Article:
A WET week and what a wet one it was – with seven consecutive days of recorded rainfall of 49mm in my part of the eastern Borders – although nothing, really, compared to the flooded areas of the Borders and Cumbria.
Of course, such violent floods will have a knock-on effect on livestock, and also on crops in the ground as there has been extensive field damage and land slips. Plus crops never do well with their feet standing in water and there’s plenty of that around in Scotland.
As well as weather volatility, there has been some price volatility caused by the European Central Bank announcing a further cut in the overnight deposit rate in an attempt to encourage increased lending. The markets had been expecting a more aggressive cut, so this resulted in a surge in value for the euro.
It was also announced that quantitative easing will not be increased, but the existing QE programme has been extended to end March, 2017, rather than September, 2016. As a result of all this, the euro fell from €1.41 to €1.39 against £1 in under an hour.
The nett result was a rally for UK oilseed prices and UK feed wheat futures, which were up £1 per tonne to £118.25 and was the biggest daily rise for UK feed wheat futures since the beginning of November. The value of the euro against the US dollar surged as well with rises witnessed for the key US cereals and oilseeds futures.
Earlier, before the ECB announcement, the UK’s large wheat stocks surplus had pushed London May, 2016, futures to a new contract low of £117 per tonne before bouncing back a little, while, on May 16, feed wheat futures were down 15p on the week to £117.35 – however, they rose this week to £118.25. Oilseed rape futures were up £3 on the week and again this week up again by 90p.
Latest supply and demand figures have put 2015 wheat yields at 8.82 tonnes/ha, resulting in total production of 16.71m tonnes. Opening stocks are estimated to be 56% higher than last season due to a carryover of stock of 2.426m tonnes. This means that the UK has an exportable surplus of 3.549m tonnes, 24% higher than last season.
UK wheat exports are expected to reach 1m tonnes by the end of this month, but imports of 600,000 tonnes of quality wheat, mainly for bread-making, will be here by the end of the year as well. EU soft wheat export licences granted to date stand at 9.8m tonnes, compared to 12.7m tonnes last year at this time.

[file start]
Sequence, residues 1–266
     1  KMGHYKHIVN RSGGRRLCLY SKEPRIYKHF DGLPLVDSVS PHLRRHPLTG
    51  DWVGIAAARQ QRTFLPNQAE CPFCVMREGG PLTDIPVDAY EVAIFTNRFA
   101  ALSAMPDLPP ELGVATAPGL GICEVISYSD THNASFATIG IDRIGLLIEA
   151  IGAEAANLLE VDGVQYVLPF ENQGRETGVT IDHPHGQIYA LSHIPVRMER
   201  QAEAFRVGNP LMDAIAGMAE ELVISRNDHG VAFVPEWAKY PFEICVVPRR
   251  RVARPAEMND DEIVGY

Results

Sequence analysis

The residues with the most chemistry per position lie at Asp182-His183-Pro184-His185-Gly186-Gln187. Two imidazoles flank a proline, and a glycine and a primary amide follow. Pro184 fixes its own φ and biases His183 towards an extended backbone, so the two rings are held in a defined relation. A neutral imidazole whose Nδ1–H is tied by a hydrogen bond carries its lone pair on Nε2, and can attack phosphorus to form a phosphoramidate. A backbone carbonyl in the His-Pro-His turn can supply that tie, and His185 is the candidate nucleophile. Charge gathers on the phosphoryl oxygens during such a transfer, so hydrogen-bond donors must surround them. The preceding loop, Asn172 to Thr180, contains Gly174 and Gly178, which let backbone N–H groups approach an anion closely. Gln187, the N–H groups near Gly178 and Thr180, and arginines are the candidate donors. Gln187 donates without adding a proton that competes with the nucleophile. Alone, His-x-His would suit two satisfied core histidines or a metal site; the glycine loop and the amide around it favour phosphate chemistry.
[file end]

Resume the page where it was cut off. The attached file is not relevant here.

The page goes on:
EU barley exports were up from 4m tonnes to 4.7m tonnes and maize imports were up from 3.1m tonnes to 4.7m tonnes.
Usage of UK wheat by brewers, maltsters and distillers, from July to October, was down from 2.29m tonnes to 2.15m tonnes and wheat usage in animal feed rations was down by 6.3% last October, compared to barley use for the same period which was up 9.7% year on year.
UK ex-farm price for bread milling wheat was up £1.30 to £118.50 and feed wheat was down 80p to £106.40. Feed barley was up 90p to £98.10 and oilseed rape delivered Erith was up £4 to £272 per tonne.
Feed and malting barley prices remained largely unchanged this past week as lower sterling and a stronger euro meant futures’ market moves cancelled each other out – so at least sterling’s weakening helped to prevent price falls.
It’s a case of ups and downs elsewhere in the world. French winter wheat plantings for harvest 2016 are at their highest level since 1936 at 5.22m ha, or up 50,000ha on last year and the highest area sown in 80 years, but, following a poor 2015 monsoon, at just 86% of normal, Indian wheat plantings are currently 28% below last year to date and the planting window closes later this month.
Ukrainian winter crops are rated 64% ‘good to satisfactory’, compared to 82% last year and 91% the previous year.
In contrast, the Russian wheat crop is rated at 89% ‘good to satisfactory’, compared to 84% in 2014.
Turkey – the largest buyer of Russian wheat – is seeking alternative sources after political tensions rose following its shooting down of a Russian fighter plane. It may buy more from Ukraine, but there could also be an opportunity for EU wheat exports which are currently down from this time last year.
Australia is now experiencing its strongest El Nino weather phenomenon in 20 years, bringing very dry weather to wheat growing regions. Yield impact and quality downgrades are forecast to hit production by 5%, which is 1.3m tonnes less than September’s estimate.
El Nino is not the only weather event to influence crop yields in Australia. As well as its effect in producing dry conditions, so does a positive Indian Ocean Dipole (IOD) event. An IOD affects the climate of Australia and other countries that surround the Indian Ocean basin, due to ocean and atmosphere differences. Positive IOD events are usually linked to lower rainfall in central and south-eastern Australia and are likely to occur during an El Nino year.
The UK’s OSR planted area is estimated below 2m ha, against 2.3m ha last year. This would be a seven-year low and is partly as a result of neonicotinoids being banned which resulted in crops being re-sown or replaced with other crops.
Argentina has cut its soyabean export tax from 35% to 30%, so a large flow of soya from there is expected over the next few weeks and farmers there are expected to plant an additional 350,000ha of maize as their maize export tax, currently at 20% and wheat export tax at 23% are both going to be removed completely.